I ascribe to the vision that Cape Town Tourism wishes to achieve by 2020. I think that the organization is doing a good, professional job of representing the industry and marketing tourism in Cape Town and the surrounding region.
I would like to see added to this good work a much greater recognition of tourism as an important link in an integrated chain of brand development and activation for Cape Town as a whole. I don’t believe that Cape Town Tourism should be THE destination marketing organisation; otherwise we end up with a strong tourism brand for our city and little else (as is the case today).
Rather, I wish to see the tourism (and business tourism) brand being closely aligned with the trade brand, the investment brand, the education brand, the recruitment brand, the film brand and the property brand. Only through such alignment will anyone wishing to come on holiday, host a conference, invest, study, work, shoot a film or buy a house in Cape Town, be completely clear on what the place is about and what they can expect when they get here. This will require close and on-going collaboration with a host of other players outside of the tourism industry.
We need to start planning today for what comes after the World Cup in 2010. Currently our message to the world is that we are ready to welcome them. But once we have welcomed them, what next? We must be thinking now of what the long-term brand essence for Cape Town as a whole (including tourism) will be once 2010 is over. Who are we? What do we stand for? What do we offer people coming here?
My personal choice is “Africa’s Global City, a city of inspiration and innovation”.
We are undoubtedly a City of Inspiration, with our beautiful landscapes, sunsets, floral kingdom, diverse people, cultural heritage and more. We must ensure that we stay inspirational by holding government and others accountable for ensuring that our rivers, oceans, beaches and mountains are clean and safe. We should be driving the development and re-development of tourism facilities that are “green”, off the grid and appealing to increasingly environmentally-conscious travellers, possibly even enacting planning policies that ensure this.
For us to be a truly Global City, we must become far more attuned to the needs of global travellers, especially those in the emerging markets of China, India, the Middle East and the rest of Africa. Our hotels and guest houses must offer such “novelties” as dim sum for breakfast or squat toilets to complement the standard stuff offered up by Western-centric establishments here and all over the world. Our taxi drivers and tour guides must be able to get by in at least basic French, Hindi, Mandarin and Arabic. Cape Town Tourism has a key role to play in getting industry players to think and act far more globally and long-term than they currently do.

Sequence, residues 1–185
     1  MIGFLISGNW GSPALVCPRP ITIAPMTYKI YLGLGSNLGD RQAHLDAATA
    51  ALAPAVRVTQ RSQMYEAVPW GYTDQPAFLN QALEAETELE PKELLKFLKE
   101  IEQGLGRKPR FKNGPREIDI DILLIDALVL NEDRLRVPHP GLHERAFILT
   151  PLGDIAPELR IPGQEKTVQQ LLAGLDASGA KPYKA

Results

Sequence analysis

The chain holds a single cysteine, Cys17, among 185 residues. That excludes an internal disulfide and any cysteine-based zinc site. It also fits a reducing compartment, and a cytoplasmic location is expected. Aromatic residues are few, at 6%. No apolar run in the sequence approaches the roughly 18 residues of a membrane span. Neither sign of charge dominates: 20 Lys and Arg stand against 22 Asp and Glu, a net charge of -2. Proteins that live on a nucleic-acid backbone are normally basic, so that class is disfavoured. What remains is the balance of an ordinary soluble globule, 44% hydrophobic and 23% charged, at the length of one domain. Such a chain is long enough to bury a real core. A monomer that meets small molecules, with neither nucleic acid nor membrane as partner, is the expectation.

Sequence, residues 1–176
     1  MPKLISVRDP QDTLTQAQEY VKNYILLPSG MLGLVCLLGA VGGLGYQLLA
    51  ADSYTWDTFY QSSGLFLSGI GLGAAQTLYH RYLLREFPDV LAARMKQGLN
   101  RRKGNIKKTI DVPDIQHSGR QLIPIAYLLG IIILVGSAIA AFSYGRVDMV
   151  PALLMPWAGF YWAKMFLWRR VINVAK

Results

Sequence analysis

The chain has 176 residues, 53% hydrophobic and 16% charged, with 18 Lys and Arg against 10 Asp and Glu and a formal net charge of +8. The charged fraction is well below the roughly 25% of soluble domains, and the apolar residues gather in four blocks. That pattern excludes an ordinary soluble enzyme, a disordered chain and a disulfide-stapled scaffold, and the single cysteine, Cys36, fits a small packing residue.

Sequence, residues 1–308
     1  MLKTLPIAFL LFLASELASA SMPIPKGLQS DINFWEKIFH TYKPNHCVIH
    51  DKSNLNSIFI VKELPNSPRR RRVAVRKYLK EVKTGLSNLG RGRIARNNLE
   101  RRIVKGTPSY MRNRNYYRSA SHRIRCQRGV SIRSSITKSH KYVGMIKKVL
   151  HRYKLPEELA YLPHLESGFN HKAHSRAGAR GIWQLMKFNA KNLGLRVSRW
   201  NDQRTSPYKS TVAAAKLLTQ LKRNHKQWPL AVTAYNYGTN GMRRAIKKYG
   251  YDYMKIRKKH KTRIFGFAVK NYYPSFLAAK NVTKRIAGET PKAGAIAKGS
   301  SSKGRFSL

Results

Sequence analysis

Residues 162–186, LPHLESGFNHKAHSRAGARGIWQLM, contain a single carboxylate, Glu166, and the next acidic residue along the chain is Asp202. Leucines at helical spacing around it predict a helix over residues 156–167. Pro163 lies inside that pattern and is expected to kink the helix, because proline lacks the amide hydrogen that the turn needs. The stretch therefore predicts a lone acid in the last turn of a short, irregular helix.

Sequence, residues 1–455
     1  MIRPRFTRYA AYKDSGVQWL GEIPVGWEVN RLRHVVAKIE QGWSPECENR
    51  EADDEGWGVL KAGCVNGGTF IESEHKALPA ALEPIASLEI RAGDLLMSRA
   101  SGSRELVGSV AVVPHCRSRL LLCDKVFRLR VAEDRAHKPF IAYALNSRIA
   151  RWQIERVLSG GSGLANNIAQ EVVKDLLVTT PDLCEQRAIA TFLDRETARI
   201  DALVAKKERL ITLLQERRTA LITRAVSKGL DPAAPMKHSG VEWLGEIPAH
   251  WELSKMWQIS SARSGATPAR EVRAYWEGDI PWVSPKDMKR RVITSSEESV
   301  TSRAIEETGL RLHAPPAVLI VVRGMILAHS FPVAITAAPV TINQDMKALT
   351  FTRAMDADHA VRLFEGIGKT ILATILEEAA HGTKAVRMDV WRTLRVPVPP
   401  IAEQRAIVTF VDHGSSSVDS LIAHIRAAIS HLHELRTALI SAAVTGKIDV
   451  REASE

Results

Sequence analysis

As a Global City we must be easily accessible to the rest of the world. Therefore Cape Town must be serviced by a significantly increased number of international flights, especially into the rest of the continent. Organisations like Cape Town Tourism must lead the charge to lobby for this. The organisation must also be encouraging hotels, the airport and other places where international travellers gather to have a significant impact on the Cape Town experience by offering free internet access. This way the tourist who has just been shark diving, abseiling off Table Mountain or dining in a township restaurant can post his or her photographs of the experience on Facebook or Flickr quickly and easily, becoming instant ambassadors for Cape Town.
If we are to be considered a City of Innovation we must act in innovative ways. This applies as much to the tourism products that we offer – are our products different and unique or can they be found in most of our competitor destinations – as it does to the ways in which we activate our brand. What innovative media and technologies are we using to get Cape Town’s name out into the world where people have possibly never heard of the place before?
And once people get here, what innovative methods are we using to keep in touch with them and encourage them to do more during their stay? For example, is a new arrival offered a welcome message via Bluetooth as they step off the plane and into the airport? Not only will such innovations position Cape Town as funky and up to date, but also enable significantly more reach on what is, frankly, a paltry marketing budget by comparison to our international competition.
Finally, quality customer service must become a part of everyday life in our city. The idea that friendly-but-clueless service is somehow acceptable can no longer be tolerated. Cape Town Tourism could act as an SABS of sorts to ensure that quality is offered at every level and in every aspect of the industry. Where globally competitive service is lacking, training should be offered.
Tourism really is everybody’s business. Let’s get everyone in Cape Town – from the trade unions to the taxi drivers to the car guards – to believe it and to live it, helping to grow the numbers of first time and repeat visitors exponentially over the next ten years.
Guy Lundy is CEO of Accelerate Cape Town.